product out, somewhere along the lines you’re like, “Hey, we got
to fund this thing or find some customers for it.” How did that
conversation begin with deciding that crowdfunding was the
right fit to launch this product out into the marketplace?
Phil Croft: This is a really interesting story because we actually started with
the big guys. We took our alpha prototypes over to San Mateo,
that would be the team at PlayStation. They were immediately
positive towards the product. We demonstrated it there for them
at their head office in San Mateo. The guys there were, as I say,
they’re very positive. They said, “Look, this is exactly the kind of
product that we would welcome onto our platform mainly
because we can see that it would add value for our users. This is
a valuable addition. Now, we will not manufacture this.” My
original plan was to immediately [inaudible 00:08:15] with the
likes of Sony PlayStation and then Xbox. It’s my own naivety. I
thought that would be a way we could proceed, but they soon
explained to me that they don’t actually work with other
people’s intellectual property short of licensing it.
Phil Croft: I had a process to go through at that point. They were really
supportive. Upfront, they gave me as much advice as they
could. They actually referred me on to third party manufacturers
who would then be able to manufacture the product for us and
handle all of the marketing. Very early on in this Roy, we would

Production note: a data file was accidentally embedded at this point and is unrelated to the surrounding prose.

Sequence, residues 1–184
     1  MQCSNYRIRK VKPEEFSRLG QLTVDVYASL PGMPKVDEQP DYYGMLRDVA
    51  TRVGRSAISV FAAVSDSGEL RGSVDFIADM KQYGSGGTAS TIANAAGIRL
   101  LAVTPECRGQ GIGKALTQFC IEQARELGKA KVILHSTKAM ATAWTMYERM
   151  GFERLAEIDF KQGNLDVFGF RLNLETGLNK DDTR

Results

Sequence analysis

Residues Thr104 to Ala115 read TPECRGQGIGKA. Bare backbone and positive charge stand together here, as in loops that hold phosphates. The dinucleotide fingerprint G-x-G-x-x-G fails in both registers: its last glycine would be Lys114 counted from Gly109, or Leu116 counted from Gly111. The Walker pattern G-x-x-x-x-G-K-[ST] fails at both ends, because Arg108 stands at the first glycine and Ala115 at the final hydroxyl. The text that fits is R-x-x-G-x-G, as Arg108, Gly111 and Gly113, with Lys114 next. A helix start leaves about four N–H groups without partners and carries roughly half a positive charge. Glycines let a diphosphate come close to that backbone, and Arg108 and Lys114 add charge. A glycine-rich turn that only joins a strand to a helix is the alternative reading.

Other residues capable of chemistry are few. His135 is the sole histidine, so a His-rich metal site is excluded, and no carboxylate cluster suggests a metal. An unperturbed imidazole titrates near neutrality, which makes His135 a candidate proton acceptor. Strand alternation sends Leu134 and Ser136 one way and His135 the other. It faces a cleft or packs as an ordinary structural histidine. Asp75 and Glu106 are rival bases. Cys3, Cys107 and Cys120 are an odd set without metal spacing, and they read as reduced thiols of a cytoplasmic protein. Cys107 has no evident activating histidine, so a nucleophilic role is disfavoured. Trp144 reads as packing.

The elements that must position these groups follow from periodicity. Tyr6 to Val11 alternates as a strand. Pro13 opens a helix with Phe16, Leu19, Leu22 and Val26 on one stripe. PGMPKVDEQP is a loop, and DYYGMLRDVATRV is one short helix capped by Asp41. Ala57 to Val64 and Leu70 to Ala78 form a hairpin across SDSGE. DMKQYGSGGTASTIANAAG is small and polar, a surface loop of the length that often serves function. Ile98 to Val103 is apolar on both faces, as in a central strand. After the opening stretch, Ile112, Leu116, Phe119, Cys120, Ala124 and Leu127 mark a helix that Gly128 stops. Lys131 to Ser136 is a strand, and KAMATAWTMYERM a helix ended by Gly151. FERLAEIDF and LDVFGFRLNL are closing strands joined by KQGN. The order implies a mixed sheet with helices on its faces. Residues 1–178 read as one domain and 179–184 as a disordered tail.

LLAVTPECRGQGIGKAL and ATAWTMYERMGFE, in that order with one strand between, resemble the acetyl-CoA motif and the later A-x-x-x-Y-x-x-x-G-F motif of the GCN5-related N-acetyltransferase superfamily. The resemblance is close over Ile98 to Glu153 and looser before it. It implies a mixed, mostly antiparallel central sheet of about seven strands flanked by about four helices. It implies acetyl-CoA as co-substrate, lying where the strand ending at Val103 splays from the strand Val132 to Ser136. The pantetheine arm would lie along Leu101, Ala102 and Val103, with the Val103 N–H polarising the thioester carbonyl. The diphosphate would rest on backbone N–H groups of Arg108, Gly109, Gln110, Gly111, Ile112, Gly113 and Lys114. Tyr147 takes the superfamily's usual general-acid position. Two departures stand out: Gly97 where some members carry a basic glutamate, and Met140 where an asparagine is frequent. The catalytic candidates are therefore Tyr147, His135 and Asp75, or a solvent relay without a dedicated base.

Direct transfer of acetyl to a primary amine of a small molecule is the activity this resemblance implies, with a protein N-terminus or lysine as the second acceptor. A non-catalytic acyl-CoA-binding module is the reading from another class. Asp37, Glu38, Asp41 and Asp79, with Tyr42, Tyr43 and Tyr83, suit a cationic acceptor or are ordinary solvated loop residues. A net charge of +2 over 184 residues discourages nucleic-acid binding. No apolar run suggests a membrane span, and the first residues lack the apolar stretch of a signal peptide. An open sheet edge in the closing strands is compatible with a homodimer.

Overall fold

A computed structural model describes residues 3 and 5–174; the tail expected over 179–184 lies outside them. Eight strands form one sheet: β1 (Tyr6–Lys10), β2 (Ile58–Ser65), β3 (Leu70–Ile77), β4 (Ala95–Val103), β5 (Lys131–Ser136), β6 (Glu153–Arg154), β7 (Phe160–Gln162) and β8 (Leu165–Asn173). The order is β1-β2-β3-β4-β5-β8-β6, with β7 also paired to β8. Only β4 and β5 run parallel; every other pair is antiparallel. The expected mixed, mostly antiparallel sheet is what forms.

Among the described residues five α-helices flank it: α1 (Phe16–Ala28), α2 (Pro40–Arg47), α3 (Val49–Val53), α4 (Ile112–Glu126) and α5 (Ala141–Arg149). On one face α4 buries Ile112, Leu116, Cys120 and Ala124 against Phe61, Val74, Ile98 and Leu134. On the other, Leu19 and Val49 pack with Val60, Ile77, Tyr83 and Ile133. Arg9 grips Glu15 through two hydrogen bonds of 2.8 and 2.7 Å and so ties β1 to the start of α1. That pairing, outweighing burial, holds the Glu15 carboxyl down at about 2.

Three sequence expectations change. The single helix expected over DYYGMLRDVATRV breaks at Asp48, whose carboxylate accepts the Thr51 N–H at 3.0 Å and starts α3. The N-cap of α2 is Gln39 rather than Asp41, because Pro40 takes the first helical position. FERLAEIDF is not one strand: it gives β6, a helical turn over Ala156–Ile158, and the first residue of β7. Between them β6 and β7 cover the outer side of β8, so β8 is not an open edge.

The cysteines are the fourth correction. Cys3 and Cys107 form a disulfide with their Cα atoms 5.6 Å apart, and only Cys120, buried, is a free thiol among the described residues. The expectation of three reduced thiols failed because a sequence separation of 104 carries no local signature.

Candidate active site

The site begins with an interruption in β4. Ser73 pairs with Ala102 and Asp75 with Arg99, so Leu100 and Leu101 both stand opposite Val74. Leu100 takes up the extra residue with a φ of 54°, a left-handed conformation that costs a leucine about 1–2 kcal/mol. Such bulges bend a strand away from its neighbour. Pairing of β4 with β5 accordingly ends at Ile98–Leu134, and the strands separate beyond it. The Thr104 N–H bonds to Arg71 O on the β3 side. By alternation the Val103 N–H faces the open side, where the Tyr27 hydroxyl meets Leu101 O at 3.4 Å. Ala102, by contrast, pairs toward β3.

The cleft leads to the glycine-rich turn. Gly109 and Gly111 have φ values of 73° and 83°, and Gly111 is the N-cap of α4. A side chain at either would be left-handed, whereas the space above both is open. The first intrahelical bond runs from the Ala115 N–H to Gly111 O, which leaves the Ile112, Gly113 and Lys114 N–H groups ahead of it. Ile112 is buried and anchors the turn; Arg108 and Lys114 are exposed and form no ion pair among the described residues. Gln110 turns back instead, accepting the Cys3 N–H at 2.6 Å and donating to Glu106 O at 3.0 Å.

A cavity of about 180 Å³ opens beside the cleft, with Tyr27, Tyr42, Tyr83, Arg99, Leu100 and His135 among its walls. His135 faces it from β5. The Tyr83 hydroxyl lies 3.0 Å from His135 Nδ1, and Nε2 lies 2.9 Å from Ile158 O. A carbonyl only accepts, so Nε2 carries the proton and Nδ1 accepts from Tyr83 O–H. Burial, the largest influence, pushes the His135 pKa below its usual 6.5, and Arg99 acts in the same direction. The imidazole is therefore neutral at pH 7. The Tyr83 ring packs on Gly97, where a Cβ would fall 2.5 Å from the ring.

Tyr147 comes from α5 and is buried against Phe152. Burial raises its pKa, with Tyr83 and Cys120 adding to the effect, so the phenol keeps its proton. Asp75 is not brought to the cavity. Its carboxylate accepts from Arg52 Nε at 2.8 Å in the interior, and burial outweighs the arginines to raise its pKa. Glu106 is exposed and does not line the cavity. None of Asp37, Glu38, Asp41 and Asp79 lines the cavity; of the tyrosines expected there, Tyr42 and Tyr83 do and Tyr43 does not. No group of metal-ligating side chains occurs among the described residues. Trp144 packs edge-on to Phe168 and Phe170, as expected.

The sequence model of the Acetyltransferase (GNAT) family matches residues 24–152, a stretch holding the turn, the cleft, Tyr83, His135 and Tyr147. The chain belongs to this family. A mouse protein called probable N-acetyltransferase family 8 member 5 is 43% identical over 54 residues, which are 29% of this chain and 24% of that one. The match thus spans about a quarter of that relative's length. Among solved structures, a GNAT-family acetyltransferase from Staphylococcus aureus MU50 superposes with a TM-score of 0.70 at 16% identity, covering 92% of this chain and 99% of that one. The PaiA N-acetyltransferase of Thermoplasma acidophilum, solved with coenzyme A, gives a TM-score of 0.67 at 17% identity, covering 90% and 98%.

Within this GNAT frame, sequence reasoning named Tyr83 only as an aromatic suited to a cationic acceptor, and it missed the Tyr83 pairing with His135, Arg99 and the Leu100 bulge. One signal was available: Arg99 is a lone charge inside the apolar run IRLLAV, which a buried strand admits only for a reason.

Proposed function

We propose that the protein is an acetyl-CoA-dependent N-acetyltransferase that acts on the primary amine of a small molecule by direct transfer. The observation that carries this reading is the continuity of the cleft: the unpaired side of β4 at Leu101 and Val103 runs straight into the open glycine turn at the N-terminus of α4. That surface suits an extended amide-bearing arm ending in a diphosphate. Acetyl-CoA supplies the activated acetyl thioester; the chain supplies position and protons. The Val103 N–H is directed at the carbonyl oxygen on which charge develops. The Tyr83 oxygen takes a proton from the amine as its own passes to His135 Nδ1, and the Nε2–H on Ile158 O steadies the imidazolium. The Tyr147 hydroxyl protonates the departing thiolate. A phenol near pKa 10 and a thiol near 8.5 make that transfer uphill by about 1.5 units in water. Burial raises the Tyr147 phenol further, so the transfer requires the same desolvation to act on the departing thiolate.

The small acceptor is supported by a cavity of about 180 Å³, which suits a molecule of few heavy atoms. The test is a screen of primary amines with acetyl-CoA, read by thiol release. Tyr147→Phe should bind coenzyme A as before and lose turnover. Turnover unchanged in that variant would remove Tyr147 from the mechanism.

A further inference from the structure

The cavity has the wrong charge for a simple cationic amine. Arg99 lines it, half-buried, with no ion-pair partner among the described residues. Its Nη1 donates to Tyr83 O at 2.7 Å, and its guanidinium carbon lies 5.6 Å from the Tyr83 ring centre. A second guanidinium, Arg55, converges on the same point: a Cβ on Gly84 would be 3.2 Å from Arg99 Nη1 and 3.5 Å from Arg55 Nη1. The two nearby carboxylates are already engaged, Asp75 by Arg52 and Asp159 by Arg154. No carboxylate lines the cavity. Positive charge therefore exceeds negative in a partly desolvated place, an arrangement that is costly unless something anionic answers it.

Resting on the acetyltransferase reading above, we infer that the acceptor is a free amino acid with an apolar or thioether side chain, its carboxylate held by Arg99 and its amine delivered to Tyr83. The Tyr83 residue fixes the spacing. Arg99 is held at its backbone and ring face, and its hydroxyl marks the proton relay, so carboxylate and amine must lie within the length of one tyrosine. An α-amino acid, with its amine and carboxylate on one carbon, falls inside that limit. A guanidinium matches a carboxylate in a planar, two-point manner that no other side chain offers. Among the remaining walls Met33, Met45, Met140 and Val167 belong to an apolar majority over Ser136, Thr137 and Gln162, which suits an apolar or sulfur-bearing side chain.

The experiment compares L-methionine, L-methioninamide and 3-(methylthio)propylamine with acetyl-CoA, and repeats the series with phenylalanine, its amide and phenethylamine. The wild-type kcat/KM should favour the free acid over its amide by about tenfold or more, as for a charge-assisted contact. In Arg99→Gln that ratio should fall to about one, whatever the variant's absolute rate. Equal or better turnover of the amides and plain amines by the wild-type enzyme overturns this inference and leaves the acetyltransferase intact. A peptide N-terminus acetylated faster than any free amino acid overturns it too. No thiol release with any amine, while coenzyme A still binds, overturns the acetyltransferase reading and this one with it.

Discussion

nearly not in. We nearly stopped before we really began and
handed over to someone else. I did have discussions with those
third party manufacturers. And to be honest, the reason we
didn’t go with that was simply because it wasn’t a viable
business model for us. You talk about we needed money. Well,
the first thing we did do was put together a little company
summary once we documented our intellectual property and
done our initial drawings and we did go and get some funding
from friends and family. It was those people that really got on
early and it was the concern for those investors that actually
stopped me from I guess opting out at that point and selling this.
We decided to develop ourselves and to market ourselves.
Phil Croft: At that very earliest stage of that decision, we knew straight
away, “Look, the only way we’re really going to be able to do
this is through crowdfunding,” because hardware development is
so expensive.